WASHINGTON, March 6 (JTA) – With Secretary of State Colin Powell’s inaugural trip to the Middle East failing to produce major policy pronouncements, analysts are checking their calendars to see when the Bush administration may outline its Mideast policy.
Powell’s trip last month was billed as a foreign affairs “listening tour,” an opportunity to size up Mideast leaders and sound them out on the major issues in the region.
Powell indicated his preference for “smarter sanctions” against Iraq, but gave few details. In any case, as differences of opinion have emerged among the administration’s top foreign policy-makers, those comments have been watered down since his return to the United States.
Powell also gave few details of the Bush administration’s stance on the Israeli-Palestinian peace process.
Powell’s idea on sanctions is a controversial proposal to tone down restrictions the United Nations imposed on Saddam Hussein after the 1991 Gulf War.
European and Arab nations increasingly have been flouting the sanctions regime. Changes would be designed to make sanctions more enforceable, ostensibly tailoring them to hurt Hussein’s regime and his military procurement campaign while sparing, as much possible, the population.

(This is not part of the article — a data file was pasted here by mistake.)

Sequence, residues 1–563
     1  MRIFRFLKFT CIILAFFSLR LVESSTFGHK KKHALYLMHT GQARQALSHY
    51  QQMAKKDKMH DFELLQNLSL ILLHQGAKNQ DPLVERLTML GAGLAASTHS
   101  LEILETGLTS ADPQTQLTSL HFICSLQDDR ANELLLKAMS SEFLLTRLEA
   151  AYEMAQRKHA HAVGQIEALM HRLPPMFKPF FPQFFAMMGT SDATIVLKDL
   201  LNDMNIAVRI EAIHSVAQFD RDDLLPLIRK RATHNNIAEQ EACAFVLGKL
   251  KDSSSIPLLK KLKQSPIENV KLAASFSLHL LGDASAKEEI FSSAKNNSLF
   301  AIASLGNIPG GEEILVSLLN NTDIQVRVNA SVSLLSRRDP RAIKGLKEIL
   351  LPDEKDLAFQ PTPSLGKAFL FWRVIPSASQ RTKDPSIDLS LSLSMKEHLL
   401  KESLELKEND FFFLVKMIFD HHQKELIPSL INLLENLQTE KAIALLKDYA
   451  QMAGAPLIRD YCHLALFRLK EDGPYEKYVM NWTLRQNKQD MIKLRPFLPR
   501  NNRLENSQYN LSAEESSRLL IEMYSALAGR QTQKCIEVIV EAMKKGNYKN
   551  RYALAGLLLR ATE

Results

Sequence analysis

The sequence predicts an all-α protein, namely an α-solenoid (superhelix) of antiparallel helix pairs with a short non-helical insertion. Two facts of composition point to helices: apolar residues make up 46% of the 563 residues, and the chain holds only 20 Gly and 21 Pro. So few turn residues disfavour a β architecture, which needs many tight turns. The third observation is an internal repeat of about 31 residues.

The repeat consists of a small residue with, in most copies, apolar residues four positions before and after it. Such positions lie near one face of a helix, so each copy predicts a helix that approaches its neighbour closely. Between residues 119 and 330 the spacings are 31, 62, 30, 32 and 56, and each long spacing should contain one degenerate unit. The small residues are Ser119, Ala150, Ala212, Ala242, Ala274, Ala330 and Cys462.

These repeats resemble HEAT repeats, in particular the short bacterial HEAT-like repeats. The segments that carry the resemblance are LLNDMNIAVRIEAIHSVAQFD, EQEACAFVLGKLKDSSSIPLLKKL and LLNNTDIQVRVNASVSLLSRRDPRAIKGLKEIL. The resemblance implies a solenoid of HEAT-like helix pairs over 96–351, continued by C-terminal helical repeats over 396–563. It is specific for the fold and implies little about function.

But other powers in the Bush administration, especially Vice President Dick Cheney and Defense Secretary Donald Rumsfeld, do not share Powell’s outlook on sanctions.
Several people who are now senior figures in the Bush administration signed a letter to then-President Clinton advocating the overthrow of Hussein’s regime. But Powell, who was the most hesitant of President George Bush’s inner circle to commit American forces to the Persian Gulf to fight Iraq a decade ago, is again considered reluctant to take steps that could lead to a military confrontation.
His visit to the region gave Powell a chance to speak his mind before the others.
“Powell is the dove, and Cheney and Rumsfeld are the hawks,” said an official with a Jewish organization who spoke on condition of anonymity. “Powell basically wanted to settle the issue of Iraq policy early against his rivals in the administration.”
Over the weekend, Cheney said a plan for handling Iraq is still under review, and Powell’s mission in the region last week was only to “test the waters.”
The key benefit to Powell’s proposal is that it would focus sanctions in ways that are acceptable to the Arab countries, helping to build backing for American policy among Hussein’s neighbors. Many in the Arab world see the current sanctions as targeting the Iraqi people rather than the regime, and in recent years have made a show of circumventing the sanctions.
“The secretary has made clear that the mission at this time is really to talk to people about the sanctions issues, about how to make the sanctions achieve what they were originally intended to achieve,” State Department spokesman Richard Boucher said. “And that’s to keep Iraq from arming itself and threatening the people of the region.”
Critics, however, say Powell’s plan actually would strengthen Hussein’s grip on power.
Frank Gaffney, president of the Center for Security Policy and an assistant secretary of defense under President Reagan, said he believes Powell was eroding American strength in the region by trying to accommodate too many factions in the Arab world.